I uploaded the new firmware and rebooted the routers. There are counters for matches showing up on the access-list now; however, I am confused as to the significance of the word log has on the “deny any any log” sentence.

    My intention is to get specific information from the packets that match the deny statement. Otherwise, would the implicit “deny any any” catch it and give counters anyway? I assumed that placing an explicit deny statement at the end of the access-list was intended to log details about the denied traffic.

    Bottom line: I need to know if someone is attempting to access our routers using ssh who are not part of the acl. Obtaining a rate from the access-list counter would be fine if I can access it remotely without having to log into the router every couple of seconds to retrieve it. My NMS can use syslog regexp or SNMP. Is there another way to accomplish this?

    Reply from Adtran:


    The significance of the “log” keyword is to cause any hits on that line to display in a “debug access-list “. The debug will not display the IP address that created the denied traffic, just state that the entry was hit X number of times. It will also not generate a syslog message, unfortunately.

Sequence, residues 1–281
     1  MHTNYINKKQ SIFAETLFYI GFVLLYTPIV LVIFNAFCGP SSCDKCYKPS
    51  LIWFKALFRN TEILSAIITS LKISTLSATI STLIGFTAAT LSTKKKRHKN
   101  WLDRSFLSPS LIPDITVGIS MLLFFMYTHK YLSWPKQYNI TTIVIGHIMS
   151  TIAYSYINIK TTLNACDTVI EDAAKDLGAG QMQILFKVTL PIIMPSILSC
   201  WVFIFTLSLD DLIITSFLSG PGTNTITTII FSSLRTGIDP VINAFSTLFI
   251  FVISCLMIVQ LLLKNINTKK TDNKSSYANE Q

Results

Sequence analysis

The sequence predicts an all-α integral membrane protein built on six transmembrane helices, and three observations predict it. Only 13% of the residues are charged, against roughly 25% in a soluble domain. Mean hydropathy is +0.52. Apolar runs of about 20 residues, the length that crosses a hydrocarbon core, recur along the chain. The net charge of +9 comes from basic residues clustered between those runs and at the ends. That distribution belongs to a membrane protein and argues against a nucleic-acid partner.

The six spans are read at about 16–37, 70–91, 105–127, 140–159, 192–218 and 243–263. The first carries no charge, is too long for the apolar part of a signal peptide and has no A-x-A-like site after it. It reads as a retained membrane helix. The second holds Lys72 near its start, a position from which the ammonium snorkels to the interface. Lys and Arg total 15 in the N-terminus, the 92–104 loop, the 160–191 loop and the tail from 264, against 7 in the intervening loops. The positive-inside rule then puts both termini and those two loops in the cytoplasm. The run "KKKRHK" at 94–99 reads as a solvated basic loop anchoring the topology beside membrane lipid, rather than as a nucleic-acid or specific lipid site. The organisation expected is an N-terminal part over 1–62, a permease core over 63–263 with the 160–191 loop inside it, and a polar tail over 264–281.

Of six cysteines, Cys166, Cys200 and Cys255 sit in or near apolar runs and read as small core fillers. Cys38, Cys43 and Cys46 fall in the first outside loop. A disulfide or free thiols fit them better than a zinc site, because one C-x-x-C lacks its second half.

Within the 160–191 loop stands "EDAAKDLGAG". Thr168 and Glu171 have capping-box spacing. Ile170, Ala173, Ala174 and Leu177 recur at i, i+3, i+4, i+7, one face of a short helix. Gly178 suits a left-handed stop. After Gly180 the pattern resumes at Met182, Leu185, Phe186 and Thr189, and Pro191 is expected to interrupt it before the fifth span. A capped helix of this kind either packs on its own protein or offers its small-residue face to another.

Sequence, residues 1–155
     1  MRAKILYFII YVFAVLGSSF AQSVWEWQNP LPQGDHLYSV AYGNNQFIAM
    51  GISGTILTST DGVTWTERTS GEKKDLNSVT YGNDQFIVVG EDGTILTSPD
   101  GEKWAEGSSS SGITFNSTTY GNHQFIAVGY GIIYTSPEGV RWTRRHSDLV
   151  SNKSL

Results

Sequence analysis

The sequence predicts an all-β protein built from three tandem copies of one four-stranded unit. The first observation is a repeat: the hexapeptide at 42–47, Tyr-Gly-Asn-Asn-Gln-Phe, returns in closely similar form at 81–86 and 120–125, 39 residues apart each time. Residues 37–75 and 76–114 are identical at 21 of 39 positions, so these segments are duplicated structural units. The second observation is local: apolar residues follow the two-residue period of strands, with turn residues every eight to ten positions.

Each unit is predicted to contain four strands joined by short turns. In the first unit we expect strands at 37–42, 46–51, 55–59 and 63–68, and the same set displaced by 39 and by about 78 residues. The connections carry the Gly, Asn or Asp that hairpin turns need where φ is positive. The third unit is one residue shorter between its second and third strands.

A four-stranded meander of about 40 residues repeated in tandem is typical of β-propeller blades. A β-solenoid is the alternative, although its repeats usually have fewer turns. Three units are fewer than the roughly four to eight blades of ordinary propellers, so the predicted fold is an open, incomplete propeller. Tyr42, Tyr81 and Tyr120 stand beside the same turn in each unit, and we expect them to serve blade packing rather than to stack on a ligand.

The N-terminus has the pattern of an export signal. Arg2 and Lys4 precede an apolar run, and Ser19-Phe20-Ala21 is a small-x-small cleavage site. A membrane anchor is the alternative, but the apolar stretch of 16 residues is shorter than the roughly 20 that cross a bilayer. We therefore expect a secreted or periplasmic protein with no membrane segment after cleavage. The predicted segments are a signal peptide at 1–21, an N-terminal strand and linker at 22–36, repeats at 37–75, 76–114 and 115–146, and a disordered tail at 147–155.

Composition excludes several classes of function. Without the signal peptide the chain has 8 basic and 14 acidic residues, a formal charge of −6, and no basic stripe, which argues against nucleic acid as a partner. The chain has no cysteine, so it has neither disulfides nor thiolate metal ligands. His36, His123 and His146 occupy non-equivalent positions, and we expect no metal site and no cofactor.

There are also no IEEE access-list MIBs, and I am not aware of any that Adtran has created for pulling those kinds of statistics. Unfortunately, I am not aware of any way to inform the user of the offending traffic when an access-group or access-class blocks it.

    If you instead enable the firewall, and reduce the policy-log threshold to 1, then you will see a message each time the firewall blocks an incoming packet with the message “No Access Policy matched, dropping packet”; I believe that does provide the packet details along with the message and is syslogged at an INFO level.

    Using that type of a configuration, your setup would look as follows:

    ip firewall
    ip firewall policy-log threshold 1
    ip access-list extended MatchAll
    permit ip any any
    ip access-list extended AdminAccess
    permit ip any
    ip policy-class FilterAdminOnly
    allow list AdminAccess self
    allow list MatchAll policy FilterAdminOnly

    This setup will allow all traffic, statelessly if you prefer, through the unit, but still firewall admin traffic (destination policy “self”). If anything is denied, it should create a syslog message.